From the first notes of the opening tune "But Not For Me" on the wonderful New Dreams
, you know that pianist Jean-Michel Pilc is a master improviser. What he does goes way, way beyond the changes and involves getting at the most essential kernel of the tune. Finding it, he can mutate it in countless ways because he knows that we can hear its connection to the tune, all the while holding our mental breaths as he darts away from it, until we exhale when he comes back.
Another effect that is naturally derived from Pilc's method is the humor that underlies the seriousness of the enterprise. This is important, since it makes the experience complete in that it simultaneously makes Pilc more human and accessible (rather than a dazzling pianist playing from the mountaintop) and brings the listener inside the experience. Both parts of Pilc's style are displayed most readily, as expected, on the standards. New Dreams
is different from his previous release Live At Iridium, New York
(Dreyfus, 2005) and, for that matter, the gig
that introduced a number of originals from this album, in that the tracks tend to be shorter and more concentrated. Pilc's penchant for building huge structures by interlocking ideas that seem to arise out of nowhere, and yet are completely logical within context, is done on a much smaller scale.
The heroic Pilc storms to the fore in "Satin Doll," which also is the longest track. What is quite audible is that Pilc does not know what is going to happen until it does and drummer Ari Hoenig, who has played with Pilc for many years, is locked in tightly, pushing back as much as he is being pulled. The effect is electric, and happens again on Monk's "Straight No Chaser."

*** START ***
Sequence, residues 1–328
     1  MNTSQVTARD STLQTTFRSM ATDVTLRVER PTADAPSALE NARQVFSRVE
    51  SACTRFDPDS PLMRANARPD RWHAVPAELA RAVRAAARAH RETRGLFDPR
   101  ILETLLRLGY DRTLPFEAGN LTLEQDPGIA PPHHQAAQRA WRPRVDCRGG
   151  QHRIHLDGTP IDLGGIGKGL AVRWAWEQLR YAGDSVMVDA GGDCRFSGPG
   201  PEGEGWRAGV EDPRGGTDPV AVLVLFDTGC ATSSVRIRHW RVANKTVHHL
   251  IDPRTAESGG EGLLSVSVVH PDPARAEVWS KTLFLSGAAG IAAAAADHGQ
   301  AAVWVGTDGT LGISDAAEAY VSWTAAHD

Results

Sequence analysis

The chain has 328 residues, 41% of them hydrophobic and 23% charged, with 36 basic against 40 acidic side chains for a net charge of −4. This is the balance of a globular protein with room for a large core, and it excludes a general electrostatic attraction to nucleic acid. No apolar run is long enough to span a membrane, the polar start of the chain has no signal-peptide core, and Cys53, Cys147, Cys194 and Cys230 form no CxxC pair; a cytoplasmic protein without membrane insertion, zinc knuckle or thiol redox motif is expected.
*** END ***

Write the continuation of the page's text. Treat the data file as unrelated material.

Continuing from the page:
In an interview
Pilc discusses finding the balance between technique and music making and being "able to hear yourself while you're playing, be an outside listener, kind of. When you have that 'body double' experience, you know you are in the right zone because everything becomes immaterial, sound and feelings which go with it." He goes on to say that he records himself playing to be able to listen to it later. From the difference between how it felt when actually playing and how he feels when listening to it, Pilc has developed the instinct to know "this is right" when playing.
Pilc also talks about how the music flows through him, and how, while playing he is not thinking and has no concepts. All the best players strive for this, and the listener knows when it is happening at a gig.
That the music is flowing through Pilc can be heard even on the more introspective pieces on New Dreams
, and the force which he has worked to channel his music really does reach out and touch you. Allowing it to happen makes the hour of listening golden.
Personnel: Jean-Michel Pilc: piano; Thomas Bramerie: bass; Ari Hoenig: drums (1-6, 9, 14, 15); Mark Mondesir: drums (7, 10-13).